Most of our engine-out procedures are done in the simulator.  You don't see many props feathered for training, but there is the famous photo of an early model Herk flying along with three of the four feathered!
The Tower!?  The Tower!?  Rapunzel!  Rapunzel! - Johnny

Offline Baradium

  • Alpha Rooster
  • *****
  • Posts: 1602
Re: New category
« Reply #49 on: September 18, 2006, 12:19:14 AM »
Thanks Ryan for the description of the PT-6!  I had remembered the power turbine, but had forgotten about the gear box.  On the Herk, with the RPMs constant, we use torque and TIT (Turbine Inlet Temperature) as our indications for power with 19,600 in-lbs of torque and 1077 degrees C TIT being the max.

Most of our engine-out procedures are done in the simulator.  You don't see many props feathered for training, but there is the famous photo of an early model Herk flying along with three of the four feathered!

You use TIT instead of ITT?

Interesting.   Sounds like your N1 is kept constant as well?  On our engines the N1 is variable.    We set power based on torque and ITT (Interstage Turbine Temperature).   Torque and RPM is power output, but ITT is a limiting factor.  N1 can also limit, but most of out engines don't put out enough power that they reach the N1 limit before temping out in ITT.  ;)
"Well I know what's right, I got just one life
In a world that keeps on pushin' me around
But I stand my ground, and I won't back down"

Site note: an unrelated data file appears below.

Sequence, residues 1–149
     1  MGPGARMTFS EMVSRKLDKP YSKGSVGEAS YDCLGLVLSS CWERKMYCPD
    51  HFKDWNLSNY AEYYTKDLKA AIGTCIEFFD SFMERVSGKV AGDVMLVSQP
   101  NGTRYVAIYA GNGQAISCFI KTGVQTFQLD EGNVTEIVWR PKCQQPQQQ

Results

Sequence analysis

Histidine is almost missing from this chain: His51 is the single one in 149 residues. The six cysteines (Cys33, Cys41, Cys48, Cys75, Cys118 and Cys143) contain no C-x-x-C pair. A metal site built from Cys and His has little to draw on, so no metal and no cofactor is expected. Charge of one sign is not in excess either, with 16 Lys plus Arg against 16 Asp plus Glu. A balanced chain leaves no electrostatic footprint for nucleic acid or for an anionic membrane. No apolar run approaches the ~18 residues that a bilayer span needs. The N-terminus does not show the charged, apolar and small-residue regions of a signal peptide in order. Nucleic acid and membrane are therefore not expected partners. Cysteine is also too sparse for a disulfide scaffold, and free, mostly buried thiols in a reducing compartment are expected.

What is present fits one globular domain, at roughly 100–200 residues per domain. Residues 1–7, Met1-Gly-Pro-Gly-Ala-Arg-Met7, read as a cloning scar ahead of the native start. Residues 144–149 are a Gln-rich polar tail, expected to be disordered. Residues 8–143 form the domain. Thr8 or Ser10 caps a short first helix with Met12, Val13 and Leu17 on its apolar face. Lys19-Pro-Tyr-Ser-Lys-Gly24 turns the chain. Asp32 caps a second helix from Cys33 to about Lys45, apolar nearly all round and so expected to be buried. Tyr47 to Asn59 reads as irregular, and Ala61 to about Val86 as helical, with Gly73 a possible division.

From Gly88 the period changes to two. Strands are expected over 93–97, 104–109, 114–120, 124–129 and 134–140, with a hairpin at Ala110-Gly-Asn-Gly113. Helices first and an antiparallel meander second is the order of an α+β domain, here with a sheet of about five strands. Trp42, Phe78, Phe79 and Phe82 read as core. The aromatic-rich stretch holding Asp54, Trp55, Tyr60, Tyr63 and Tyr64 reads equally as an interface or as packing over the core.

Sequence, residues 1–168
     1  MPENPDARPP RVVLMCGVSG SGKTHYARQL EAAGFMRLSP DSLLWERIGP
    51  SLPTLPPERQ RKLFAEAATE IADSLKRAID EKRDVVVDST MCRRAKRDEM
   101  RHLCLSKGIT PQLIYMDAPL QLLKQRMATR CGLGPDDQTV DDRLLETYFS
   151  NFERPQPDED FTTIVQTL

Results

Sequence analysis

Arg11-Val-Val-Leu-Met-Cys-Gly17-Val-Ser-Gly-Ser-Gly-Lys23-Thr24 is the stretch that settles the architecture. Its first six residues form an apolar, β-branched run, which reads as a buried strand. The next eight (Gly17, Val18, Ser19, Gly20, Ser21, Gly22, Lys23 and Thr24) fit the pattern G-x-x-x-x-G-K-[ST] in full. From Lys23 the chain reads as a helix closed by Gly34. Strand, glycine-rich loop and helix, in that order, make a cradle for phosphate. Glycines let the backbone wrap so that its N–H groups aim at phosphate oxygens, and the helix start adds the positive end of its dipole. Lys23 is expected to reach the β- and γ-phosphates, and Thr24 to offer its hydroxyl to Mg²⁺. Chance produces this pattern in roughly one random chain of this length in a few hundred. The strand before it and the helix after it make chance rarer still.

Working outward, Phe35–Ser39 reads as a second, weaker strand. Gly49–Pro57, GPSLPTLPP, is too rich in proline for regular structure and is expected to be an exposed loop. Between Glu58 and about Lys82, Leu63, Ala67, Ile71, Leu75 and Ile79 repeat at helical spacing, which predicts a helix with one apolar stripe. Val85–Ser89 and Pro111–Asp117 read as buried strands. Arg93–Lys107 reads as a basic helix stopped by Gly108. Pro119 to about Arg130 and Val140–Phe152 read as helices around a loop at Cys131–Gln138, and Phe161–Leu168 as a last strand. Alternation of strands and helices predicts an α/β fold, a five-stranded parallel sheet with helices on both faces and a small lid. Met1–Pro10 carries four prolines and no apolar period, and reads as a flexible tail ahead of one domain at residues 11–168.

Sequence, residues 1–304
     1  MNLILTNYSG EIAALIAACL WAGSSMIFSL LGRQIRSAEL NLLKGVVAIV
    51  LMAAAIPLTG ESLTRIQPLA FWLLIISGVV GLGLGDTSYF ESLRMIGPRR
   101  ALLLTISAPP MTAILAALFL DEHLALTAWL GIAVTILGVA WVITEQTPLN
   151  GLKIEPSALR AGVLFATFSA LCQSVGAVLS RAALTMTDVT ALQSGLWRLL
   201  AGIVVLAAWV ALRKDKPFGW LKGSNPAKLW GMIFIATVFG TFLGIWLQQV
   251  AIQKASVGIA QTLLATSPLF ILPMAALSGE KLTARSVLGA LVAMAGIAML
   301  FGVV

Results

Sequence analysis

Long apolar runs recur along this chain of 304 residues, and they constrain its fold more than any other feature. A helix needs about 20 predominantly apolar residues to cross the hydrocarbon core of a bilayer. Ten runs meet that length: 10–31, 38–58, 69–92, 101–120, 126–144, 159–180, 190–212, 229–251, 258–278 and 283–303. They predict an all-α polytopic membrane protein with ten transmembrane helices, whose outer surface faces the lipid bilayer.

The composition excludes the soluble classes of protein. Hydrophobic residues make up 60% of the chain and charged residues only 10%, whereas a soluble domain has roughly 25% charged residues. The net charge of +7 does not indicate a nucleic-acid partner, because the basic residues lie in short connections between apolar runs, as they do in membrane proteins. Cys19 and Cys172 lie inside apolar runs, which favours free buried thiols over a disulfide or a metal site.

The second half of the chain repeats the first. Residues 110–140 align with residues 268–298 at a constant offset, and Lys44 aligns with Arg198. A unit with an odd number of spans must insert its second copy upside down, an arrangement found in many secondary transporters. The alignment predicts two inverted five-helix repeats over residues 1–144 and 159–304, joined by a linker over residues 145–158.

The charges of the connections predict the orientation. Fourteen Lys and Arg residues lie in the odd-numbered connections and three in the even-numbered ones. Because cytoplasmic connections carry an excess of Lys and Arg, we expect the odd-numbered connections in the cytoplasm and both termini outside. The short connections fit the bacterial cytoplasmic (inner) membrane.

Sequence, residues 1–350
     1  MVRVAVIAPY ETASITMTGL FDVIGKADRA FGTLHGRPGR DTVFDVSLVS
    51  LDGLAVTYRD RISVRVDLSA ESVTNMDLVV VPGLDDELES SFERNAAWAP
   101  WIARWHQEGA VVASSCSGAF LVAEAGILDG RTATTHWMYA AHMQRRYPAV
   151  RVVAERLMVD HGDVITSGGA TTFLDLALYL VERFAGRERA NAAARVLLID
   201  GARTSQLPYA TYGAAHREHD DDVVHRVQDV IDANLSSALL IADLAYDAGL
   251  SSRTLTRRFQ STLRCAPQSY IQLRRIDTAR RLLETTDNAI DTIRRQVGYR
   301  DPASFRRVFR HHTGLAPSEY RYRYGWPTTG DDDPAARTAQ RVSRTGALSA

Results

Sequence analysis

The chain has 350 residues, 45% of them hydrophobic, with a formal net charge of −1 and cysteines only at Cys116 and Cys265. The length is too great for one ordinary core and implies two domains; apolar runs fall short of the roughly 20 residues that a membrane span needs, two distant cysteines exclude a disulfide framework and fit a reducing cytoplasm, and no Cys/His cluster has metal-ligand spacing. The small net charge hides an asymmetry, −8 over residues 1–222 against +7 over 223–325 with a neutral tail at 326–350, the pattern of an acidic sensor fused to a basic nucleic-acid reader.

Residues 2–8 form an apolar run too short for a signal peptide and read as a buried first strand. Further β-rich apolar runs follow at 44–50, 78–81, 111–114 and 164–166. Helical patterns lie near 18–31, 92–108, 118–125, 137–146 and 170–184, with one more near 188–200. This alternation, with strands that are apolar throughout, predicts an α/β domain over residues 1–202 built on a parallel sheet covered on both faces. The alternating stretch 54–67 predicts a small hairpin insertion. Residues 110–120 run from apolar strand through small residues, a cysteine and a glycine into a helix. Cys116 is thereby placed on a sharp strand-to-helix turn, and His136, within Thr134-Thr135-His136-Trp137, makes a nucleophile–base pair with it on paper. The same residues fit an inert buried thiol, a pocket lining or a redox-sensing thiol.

-Johnny Cash "I won't back Down"

Offline Gulfstream Driver

  • Chicken Farmer
  • Alpha Rooster
  • *****
  • Posts: 1070
Re: New category
« Reply #50 on: October 10, 2006, 09:28:12 PM »
I guess my comment about feathering the prop should have been more specific to piston engines.  I do realize that turbines are quite often feathered without damage to the engine.  My multi experience has been solely in the Seminole, where if you feather the engine while pulling power, you'll do some damage.
Behind every great man, there is a woman rolling her eyes.  --Bruce Almighty

Offline BrianGMFS

  • Rooster
  • ****
  • Posts: 429
  • My other car is a Firefly
Re: New category
« Reply #51 on: October 11, 2006, 06:23:45 PM »
Our King Airs run at idle feathered all the time (PT-6) especially when we're doing ground power starts. the plug is at the intersection of the right nacelle and the right wing on the right side... about 4 feet aft of the prop... gets a little breezy there if it's not featherd when I'm pulling the plug.

Brian

-

"Take my love, take my land. Take me where I cannot stand. Burn the land and boil the sea, you can't take the sky from me."

Offline Baradium

  • Alpha Rooster
  • *****
  • Posts: 1602
Re: New category
« Reply #52 on: October 12, 2006, 03:03:55 AM »
Our King Airs run at idle feathered all the time (PT-6) especially when we're doing ground power starts. the plug is at the intersection of the right nacelle and the right wing on the right side... about 4 feet aft of the prop... gets a little breezy there if it's not featherd when I'm pulling the plug.

Brian


Our plugs are on the left side, but we don't start that engine with it plugged in.  We can do cross generator starts (a kingair can't?) so we start #2 and then get unplugged and then start #1 (which is right in front of the plug).   Not very nice of them to make you unplug with that engine running.  ;)
"Well I know what's right, I got just one life
In a world that keeps on pushin' me around
But I stand my ground, and I won't back down"
  -Johnny Cash "I won't back Down"